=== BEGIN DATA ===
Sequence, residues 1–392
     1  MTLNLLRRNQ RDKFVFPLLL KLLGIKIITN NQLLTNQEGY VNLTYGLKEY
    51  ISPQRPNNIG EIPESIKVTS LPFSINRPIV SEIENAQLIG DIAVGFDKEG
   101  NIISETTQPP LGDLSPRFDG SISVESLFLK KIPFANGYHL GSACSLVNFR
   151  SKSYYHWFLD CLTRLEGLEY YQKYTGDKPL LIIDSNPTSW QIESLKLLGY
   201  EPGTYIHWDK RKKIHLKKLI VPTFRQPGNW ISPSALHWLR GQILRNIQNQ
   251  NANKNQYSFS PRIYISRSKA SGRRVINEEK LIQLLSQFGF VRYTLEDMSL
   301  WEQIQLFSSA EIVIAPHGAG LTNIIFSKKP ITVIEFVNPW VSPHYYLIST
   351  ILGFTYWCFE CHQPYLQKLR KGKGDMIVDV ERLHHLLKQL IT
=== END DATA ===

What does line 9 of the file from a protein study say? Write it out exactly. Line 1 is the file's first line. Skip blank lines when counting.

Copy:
   351  ILGFTYWCFE CHQPYLQKLR KGKGDMIVDV ERLHHLLKQL IT